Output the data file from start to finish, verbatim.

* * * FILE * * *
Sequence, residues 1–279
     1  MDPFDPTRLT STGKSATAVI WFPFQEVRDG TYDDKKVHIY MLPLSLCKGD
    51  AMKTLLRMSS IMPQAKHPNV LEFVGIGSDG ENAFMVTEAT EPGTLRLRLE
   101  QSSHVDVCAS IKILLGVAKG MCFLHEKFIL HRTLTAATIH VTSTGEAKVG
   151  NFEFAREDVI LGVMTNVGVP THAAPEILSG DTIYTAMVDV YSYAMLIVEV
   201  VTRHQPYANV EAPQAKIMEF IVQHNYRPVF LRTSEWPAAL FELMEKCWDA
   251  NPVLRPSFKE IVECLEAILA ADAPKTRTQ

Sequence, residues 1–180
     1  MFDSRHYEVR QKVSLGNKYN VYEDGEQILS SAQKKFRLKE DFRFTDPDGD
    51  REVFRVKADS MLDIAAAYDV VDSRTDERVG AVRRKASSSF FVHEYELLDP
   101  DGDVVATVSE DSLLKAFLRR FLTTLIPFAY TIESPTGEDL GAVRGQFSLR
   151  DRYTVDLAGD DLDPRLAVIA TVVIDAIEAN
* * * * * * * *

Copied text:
Sequence, residues 1–279
     1  MDPFDPTRLT STGKSATAVI WFPFQEVRDG TYDDKKVHIY MLPLSLCKGD
    51  AMKTLLRMSS IMPQAKHPNV LEFVGIGSDG ENAFMVTEAT EPGTLRLRLE
   101  QSSHVDVCAS IKILLGVAKG MCFLHEKFIL HRTLTAATIH VTSTGEAKVG
   151  NFEFAREDVI LGVMTNVGVP THAAPEILSG DTIYTAMVDV YSYAMLIVEV
   201  VTRHQPYANV EAPQAKIMEF IVQHNYRPVF LRTSEWPAAL FELMEKCWDA
   251  NPVLRPSFKE IVECLEAILA ADAPKTRTQ

Sequence, residues 1–180
     1  MFDSRHYEVR QKVSLGNKYN VYEDGEQILS SAQKKFRLKE DFRFTDPDGD
    51  REVFRVKADS MLDIAAAYDV VDSRTDERVG AVRRKASSSF FVHEYELLDP
   101  DGDVVATVSE DSLLKAFLRR FLTTLIPFAY TIESPTGEDL GAVRGQFSLR
   151  DRYTVDLAGD DLDPRLAVIA TVVIDAIEAN